I'm thrilled that you're having such a good time with the New Wave so far! (I just caught up with your previous post and this one at the same time, so I'll comment on both together.) You picked four great ones to start. The 400 Blows is the film I credit with being my entrance into becoming a real cinephile. I liked movies (and classic movies) a lot before that, but like you said in your review, The 400 Blows was revelatory to me in terms of just what cinema was capable of doing.

    I didn't see Cleo from 5 to 7 until a couple of years ago, but I had much the same reaction as you. I love the simple style of it that just grabs you of nowhere when you're not expecting it - I found watching it overwhelming and very relatable, even though Varda is incredibly unmanipulative in how she presents the story. I should watch that again. It's a heartbreaking one, but her 1985 film Vagabond is just about as good, though not quite as New Wave-y in style.

    Umbrellas of Cherbourg. I'm not a typically weepy, romantic person, but this film makes my heart hurt (almost literally) every single time. I second the suggestion of going on to Young Girls of Rochefort. It's also Demy and Deneuve (who's impossibly even more beautiful than she is in Cherbourg), but bright and sunny and happy instead. It's one of my top two or three films I turn to when I need a bit of grin-inducing joy.

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    1. I'm sticking with Godard's early stuff. Seems like the best way to do it!

      And yes, I'm having a wonderful time with the New Wave stuff. The 400 Blows was a fantastic example of what cinema can do.

      I do quite want to see Vagabond - I'd love to see more of Varda's work. leo was great.

      And yes, Cherbourg does make your heart hurt. I will track down The Young Girls of Rochefort, then! Especially if Deneuve is more beautiful in that! (how is that even possible?!)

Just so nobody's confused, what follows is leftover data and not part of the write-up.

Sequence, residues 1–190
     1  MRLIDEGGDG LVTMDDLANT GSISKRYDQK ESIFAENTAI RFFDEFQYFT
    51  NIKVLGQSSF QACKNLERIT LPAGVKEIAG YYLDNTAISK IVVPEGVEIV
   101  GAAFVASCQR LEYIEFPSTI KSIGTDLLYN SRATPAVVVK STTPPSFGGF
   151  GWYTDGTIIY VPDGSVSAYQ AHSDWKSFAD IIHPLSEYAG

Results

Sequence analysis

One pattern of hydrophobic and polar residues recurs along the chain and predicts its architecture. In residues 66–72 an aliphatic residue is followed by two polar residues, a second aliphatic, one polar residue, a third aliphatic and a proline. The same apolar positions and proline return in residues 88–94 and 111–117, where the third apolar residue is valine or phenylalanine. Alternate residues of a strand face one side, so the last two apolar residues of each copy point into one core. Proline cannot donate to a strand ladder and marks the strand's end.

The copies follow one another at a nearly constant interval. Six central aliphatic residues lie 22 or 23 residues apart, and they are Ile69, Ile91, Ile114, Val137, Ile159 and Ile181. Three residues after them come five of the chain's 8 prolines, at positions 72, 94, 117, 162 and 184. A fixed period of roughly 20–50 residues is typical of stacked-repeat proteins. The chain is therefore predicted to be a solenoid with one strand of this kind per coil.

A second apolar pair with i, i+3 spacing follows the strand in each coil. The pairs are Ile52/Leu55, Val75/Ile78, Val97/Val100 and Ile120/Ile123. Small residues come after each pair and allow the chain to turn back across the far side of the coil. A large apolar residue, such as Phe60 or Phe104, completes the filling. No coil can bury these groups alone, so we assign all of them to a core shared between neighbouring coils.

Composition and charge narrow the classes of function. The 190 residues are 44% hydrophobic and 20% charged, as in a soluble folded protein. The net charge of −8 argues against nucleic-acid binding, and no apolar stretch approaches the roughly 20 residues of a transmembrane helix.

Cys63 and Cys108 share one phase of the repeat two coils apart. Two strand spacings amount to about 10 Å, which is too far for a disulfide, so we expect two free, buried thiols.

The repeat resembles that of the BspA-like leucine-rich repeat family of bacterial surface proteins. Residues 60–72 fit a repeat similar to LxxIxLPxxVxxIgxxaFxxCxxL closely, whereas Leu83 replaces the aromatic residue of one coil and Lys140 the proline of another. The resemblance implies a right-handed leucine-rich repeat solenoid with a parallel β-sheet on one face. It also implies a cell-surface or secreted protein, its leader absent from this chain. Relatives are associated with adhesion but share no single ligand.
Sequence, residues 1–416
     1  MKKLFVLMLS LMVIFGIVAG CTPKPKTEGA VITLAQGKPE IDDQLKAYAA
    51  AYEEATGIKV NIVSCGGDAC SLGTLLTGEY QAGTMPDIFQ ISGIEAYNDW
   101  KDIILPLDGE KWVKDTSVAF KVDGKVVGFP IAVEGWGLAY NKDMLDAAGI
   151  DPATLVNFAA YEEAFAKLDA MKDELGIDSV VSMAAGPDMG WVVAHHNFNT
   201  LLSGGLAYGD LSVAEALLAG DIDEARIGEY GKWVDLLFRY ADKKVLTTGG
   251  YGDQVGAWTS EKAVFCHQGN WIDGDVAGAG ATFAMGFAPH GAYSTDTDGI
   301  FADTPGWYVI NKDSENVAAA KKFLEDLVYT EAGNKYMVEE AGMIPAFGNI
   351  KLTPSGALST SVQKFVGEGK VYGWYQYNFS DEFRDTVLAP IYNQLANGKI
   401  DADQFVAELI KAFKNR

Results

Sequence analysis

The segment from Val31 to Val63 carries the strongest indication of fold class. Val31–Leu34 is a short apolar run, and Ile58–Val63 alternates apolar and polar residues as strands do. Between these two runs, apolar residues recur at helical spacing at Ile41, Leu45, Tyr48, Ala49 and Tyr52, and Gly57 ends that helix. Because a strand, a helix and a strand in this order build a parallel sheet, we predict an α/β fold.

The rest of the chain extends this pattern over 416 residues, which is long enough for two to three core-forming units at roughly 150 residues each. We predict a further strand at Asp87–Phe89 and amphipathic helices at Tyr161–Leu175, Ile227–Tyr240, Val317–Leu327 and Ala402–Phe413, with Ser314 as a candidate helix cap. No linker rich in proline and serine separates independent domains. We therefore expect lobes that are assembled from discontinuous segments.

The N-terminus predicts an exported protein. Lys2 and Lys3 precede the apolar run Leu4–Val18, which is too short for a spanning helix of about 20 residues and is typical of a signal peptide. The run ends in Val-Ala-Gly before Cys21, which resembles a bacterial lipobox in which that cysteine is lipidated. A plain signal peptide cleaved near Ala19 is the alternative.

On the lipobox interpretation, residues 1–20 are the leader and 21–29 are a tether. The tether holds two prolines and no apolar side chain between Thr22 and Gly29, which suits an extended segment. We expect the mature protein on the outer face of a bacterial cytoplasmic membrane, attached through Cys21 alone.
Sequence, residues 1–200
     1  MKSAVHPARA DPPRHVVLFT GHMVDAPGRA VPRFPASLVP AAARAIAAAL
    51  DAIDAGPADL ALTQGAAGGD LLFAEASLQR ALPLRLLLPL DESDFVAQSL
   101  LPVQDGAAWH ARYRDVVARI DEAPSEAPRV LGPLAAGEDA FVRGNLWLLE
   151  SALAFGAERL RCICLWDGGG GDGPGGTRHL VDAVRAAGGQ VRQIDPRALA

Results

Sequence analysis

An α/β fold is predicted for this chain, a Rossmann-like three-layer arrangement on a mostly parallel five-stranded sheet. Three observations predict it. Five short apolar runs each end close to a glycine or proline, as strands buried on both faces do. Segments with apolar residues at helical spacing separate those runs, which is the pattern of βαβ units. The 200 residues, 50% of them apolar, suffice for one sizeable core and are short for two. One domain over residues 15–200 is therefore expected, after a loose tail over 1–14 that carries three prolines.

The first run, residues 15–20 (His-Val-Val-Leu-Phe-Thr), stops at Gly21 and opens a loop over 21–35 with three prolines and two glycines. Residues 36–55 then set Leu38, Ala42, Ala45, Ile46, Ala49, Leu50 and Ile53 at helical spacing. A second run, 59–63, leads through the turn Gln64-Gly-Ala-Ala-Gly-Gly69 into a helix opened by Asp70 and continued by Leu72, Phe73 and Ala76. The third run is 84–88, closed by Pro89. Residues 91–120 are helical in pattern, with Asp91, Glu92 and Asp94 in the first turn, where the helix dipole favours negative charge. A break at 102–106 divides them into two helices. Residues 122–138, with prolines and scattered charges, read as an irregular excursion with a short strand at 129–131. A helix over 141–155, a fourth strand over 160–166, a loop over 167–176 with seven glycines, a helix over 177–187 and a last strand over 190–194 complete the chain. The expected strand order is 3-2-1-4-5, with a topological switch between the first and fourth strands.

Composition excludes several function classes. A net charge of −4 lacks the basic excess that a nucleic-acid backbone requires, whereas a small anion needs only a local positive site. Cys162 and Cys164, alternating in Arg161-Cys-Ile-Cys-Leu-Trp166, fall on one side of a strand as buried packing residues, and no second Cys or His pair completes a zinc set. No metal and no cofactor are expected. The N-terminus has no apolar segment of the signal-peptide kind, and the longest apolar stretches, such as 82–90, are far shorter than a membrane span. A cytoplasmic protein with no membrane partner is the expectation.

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    2. Every film I see Deneuve in, she's more beautiful than the last one I saw her in. It's kind of incredible, really.

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    3. She is incredibly beautiful. I'd love to have some of her genes!

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  11. I watched The Umbrellas of Cherbourg a long while ago. We had it on TV all the time for some reason. I can't say that I loved it but so many years have passed and I can't be sure.

    As for Breathless, that's the one that really interests me. Images from it (like the one you posted) seem to be iconic. I stumple upon them all the time.

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    1. Definitely check it out again. Such a magical movie.

      Breathless does have some very iconic pictures from it. It is a great film, too!

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  12. French movies? Interesting.... Do you actually know understand French, or do you just turn on the subtitles?
    Either way these sound like pretty good movies! And I'm with you on musicals - you can't beat a good one!!!

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    1. Subtitles, but I do know a little bit of French.

      When you get a good musical, you definitely can't beat it!

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  13. Sorry I'm a little late to comment on here, but this was a great article. I was lucky enough to catch "Breathless" in theatres when it was renewed. I will pick up the Criterion BlueRay of that soon. Now I just wish they would release "Umbrellas Of Cherbourg" on that format as well.

    Catherine Deneuve is great. I wrote about two of her movies including "Umbrellas..." in an article that came out last year.

    http://www.videovangaurd.com/2011/06/videovangaurd-presents-retro-review.html

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    1. I would love to see Breathless in theatres, and also get the Criterion copy of it. One day, one day. And Umbrellas would be epic on Blu-Ray!

      Thanks, I'll check out your post now.

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  14. Wonderful article, thanks for putting this together! This is obviously one great post. Thanks for the valuable information and insights you have so provided here. windproof travel umbrella

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You mustn't be afraid to dream a little bigger, darling.